The main objects of this invention are attained by introducing into such a heat-pressure system, a controlled stage or zone of detention through which the material is conveyed at a controllable rate of speed, concurrently with a controllable, preferably mild, type of mechanical stirring, and under controllable conditions of temperature. pressure and atmosphere as may be maintained in said stage or zone. zone will herein be referred to as the reaction zone or chamber, and it is interposed in the pressure system between the feeding or plug-forming end and the refiner end thereof. The variable factor of controlled speed at which the material is passed through this interposed reaction chamber, may affect the choice of the temperature and pressure factors, and consequently may help control the pre-conditioning of the fibers prior to their entry into the refiner where, in turn,

For certain reasons, this zone.

the condition of the material is liable to affect the power consumption incident to defibration.

To be precise, there are still other potential variable factors which, if superimposed upon the basic factors of pressure, temperature and time, may help to modify in a highly-sensitive and useful manner, the operation in that zone. Such additional or superimposed factors are mechani-v cal and chemical. They lie in the intensity and type of stirring action imposed upon the ma-- terial, and in certain concurrent chemical or physical action that may take place of its own account or as a secondary result of the controlled treatment in that detention zone; or which may be induced in a more or less controlled fashion by the addition of chemicals to the material being exposed to the atmosphere in that reaction By utilizing all of these factors or variables, a cumulative advantage may be gained in the operating of the pressure system, and a maximum of economy, as well as a desired optimum in the qualities of the individual fibers may be thus attained, with a consequent optimum in the strength and tear of the final product.

Consequently, the invention has process and apparatus features having to do with the conditioning of the fibers prior to their entry into the rotary refiner in a pressure system of the Asplund type.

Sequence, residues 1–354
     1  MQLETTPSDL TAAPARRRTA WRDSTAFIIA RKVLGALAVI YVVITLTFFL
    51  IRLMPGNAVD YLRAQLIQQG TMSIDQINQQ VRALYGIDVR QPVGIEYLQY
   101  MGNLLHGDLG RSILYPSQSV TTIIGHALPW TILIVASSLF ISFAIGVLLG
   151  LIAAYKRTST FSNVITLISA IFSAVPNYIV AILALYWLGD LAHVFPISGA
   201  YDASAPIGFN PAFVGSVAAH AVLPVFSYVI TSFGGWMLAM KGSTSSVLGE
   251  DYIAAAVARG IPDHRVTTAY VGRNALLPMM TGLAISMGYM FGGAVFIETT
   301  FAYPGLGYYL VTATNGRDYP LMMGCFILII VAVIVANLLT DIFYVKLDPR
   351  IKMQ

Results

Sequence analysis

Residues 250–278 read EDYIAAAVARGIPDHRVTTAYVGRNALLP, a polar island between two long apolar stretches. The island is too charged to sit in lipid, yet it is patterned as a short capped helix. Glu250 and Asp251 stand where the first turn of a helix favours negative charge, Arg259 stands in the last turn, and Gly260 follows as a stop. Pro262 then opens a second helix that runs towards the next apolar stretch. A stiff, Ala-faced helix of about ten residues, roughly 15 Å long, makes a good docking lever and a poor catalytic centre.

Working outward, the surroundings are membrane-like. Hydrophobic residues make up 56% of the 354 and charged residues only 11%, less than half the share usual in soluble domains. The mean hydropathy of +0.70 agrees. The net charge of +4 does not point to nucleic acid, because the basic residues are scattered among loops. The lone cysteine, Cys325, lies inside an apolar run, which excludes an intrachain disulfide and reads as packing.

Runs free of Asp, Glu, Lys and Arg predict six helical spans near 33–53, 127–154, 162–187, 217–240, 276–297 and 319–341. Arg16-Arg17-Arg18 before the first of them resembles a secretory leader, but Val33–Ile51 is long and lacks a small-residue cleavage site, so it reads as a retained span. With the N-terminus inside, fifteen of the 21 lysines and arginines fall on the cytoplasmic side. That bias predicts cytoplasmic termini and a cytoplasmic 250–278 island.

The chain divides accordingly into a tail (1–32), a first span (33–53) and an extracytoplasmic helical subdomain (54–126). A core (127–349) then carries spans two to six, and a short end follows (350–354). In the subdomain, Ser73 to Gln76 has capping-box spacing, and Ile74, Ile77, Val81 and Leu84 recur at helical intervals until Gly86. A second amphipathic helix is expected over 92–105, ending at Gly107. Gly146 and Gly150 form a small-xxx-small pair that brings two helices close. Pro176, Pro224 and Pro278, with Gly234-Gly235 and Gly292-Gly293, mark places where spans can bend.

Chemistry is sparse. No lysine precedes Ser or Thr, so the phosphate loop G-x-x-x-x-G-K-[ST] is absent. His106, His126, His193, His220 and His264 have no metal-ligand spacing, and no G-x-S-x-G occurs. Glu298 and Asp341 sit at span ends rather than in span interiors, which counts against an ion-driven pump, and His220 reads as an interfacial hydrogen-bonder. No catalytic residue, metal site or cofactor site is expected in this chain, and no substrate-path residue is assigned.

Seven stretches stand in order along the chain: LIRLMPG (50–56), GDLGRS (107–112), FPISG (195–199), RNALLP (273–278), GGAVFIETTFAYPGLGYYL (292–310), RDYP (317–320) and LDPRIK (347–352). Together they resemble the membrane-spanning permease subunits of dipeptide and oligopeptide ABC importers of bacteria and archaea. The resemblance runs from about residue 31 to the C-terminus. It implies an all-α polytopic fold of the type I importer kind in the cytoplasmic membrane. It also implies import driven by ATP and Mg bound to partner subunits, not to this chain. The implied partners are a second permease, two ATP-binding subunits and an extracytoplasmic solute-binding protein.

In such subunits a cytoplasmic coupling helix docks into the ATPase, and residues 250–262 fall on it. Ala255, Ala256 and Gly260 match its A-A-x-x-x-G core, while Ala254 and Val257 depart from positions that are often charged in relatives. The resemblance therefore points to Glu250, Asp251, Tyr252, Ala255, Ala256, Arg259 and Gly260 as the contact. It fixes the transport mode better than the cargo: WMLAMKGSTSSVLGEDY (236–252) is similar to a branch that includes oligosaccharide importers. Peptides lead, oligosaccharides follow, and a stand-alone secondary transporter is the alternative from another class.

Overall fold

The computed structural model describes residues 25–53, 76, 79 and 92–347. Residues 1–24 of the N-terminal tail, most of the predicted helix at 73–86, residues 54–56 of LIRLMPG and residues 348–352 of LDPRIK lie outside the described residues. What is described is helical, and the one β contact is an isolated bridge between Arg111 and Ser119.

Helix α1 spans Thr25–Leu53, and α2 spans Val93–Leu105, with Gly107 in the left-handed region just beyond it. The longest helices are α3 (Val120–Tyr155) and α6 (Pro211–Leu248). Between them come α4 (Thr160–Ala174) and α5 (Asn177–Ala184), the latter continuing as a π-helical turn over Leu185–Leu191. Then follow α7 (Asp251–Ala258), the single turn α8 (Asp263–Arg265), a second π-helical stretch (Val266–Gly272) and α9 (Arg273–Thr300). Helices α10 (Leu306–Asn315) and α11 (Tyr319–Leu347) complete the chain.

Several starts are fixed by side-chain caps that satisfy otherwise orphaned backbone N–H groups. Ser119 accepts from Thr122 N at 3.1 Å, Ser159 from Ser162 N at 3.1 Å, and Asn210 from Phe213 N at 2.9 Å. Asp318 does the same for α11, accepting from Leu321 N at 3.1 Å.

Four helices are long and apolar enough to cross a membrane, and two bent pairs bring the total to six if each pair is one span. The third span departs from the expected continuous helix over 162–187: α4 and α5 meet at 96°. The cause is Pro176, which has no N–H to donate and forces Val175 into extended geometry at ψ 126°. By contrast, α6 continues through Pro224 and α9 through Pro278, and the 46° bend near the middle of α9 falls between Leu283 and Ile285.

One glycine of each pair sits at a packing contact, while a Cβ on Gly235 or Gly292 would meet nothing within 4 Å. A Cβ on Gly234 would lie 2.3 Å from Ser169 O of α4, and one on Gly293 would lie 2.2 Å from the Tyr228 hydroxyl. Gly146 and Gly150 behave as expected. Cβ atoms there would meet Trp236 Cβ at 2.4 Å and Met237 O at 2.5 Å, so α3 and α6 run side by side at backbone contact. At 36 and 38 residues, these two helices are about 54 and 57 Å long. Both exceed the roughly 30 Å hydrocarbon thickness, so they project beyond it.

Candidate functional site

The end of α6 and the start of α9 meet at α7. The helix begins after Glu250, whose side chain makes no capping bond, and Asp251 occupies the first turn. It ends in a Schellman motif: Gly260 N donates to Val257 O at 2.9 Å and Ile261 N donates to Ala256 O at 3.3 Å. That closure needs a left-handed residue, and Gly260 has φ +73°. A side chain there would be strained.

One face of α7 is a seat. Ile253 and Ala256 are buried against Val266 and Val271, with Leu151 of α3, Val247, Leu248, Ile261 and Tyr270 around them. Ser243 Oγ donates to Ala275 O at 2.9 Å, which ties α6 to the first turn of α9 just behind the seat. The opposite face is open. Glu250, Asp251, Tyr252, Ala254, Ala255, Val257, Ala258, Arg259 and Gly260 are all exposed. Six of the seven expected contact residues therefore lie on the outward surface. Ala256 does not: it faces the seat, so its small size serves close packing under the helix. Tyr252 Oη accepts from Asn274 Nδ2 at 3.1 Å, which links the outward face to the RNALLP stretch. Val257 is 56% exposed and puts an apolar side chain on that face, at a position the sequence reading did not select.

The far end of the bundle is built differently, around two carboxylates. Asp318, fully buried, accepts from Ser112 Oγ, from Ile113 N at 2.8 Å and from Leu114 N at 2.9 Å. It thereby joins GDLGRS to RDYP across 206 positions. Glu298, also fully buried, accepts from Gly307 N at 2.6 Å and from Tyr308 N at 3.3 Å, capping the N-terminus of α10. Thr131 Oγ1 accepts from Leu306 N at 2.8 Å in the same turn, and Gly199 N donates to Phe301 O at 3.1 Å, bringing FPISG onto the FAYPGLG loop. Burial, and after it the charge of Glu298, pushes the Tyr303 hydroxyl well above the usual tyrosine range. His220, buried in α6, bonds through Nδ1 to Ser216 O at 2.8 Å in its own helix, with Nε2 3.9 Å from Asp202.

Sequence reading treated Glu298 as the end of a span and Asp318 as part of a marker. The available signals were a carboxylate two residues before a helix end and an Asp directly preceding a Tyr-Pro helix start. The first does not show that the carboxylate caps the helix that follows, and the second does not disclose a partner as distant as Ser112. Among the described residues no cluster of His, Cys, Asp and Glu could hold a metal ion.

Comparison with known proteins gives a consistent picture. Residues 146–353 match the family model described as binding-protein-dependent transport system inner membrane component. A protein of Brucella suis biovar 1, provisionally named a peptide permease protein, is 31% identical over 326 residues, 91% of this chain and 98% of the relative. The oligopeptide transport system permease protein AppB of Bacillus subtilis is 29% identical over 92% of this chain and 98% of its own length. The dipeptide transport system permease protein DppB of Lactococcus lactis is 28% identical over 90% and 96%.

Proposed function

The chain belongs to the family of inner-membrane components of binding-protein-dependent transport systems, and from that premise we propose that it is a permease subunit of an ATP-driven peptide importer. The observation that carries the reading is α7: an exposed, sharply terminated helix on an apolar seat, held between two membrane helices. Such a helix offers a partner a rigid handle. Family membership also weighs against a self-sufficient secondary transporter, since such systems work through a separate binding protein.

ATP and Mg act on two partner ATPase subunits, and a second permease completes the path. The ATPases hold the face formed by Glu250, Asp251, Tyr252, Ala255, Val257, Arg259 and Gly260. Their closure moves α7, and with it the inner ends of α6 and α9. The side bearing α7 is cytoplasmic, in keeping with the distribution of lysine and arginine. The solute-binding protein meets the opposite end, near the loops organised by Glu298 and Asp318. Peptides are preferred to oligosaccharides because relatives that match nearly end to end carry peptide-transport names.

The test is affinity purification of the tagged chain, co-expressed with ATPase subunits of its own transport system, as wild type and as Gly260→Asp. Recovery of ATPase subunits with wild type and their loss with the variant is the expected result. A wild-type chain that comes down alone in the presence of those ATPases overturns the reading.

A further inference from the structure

According to one feature, a controllable detention period accompanied by stirring or rubbing action is imposed upon the material in the pressure system ahead of the refiner and in addition to the heat and pressure conditions prevailing therein.

According to another feature, chemical reaction or dissolving action is added to the mechanical and thermal action during a controlled detention period. By the proper balancing of these factors with one another, the operation may be conducted with a minimum of consumption of steam, chemical, and power. A chemical, or chemicals is introduced into the detention zone, having a solvent action on or capable of rendering soluble resins, lignin and binding matter contained in the cellulosic material being treated, but especially lignin. The chemical may be organic or inorganic, or may be acid or alkaline. It may be sodium hydrate or other sodium compound, or a mixture thereof. It may be a sodium-acid sulphite, a free acid, an oxidizing or wetting agent.

For instance, to produce a white pulp or fiber approximately similar in color to unbleached sulphite pulp, it is proposed to use a sodium bisulphite solution with varying amounts of free S02. A magnesium or calcium base can be substituted for sodium or mixtures thereof. This solution may be injected or atomized into the system with the chips. The quantity of chemicals used, the pressure and temperature, and the length of the reaction or cooking period may be varied according to the yield and the quality of pulp required.

For instance, to produce a brown pulp or fiber approximately similar in color to unbleached krait or soda pulp, it is proposed to use a sodium hydrate solution, with or without the addition of sodium sulphide, or other ,sodium compound. This solution should be injected or atomized into the system. The quantity of chemicals used, the pressure and temperature, and the length of the reaction or cooking period may be varied according to the yield and the quality of pulp required.

According to another feature, the interposed treatment stage or zone is embodied in a chamber provided with conveying mechanism by means of which the material to be treated is moved along a path of suitable length at a controllable rate of speed. More specifically, this is an elongated chamber preferably having major horizontal sections provided with a rotary screw mixing conveyor.

According to still another feature, the additional treatment stage is a structural unit complete with treating chamber and conveying mechanism therein, which, as such, can be interposed in the Aspiund pressure system without substantial change thereof.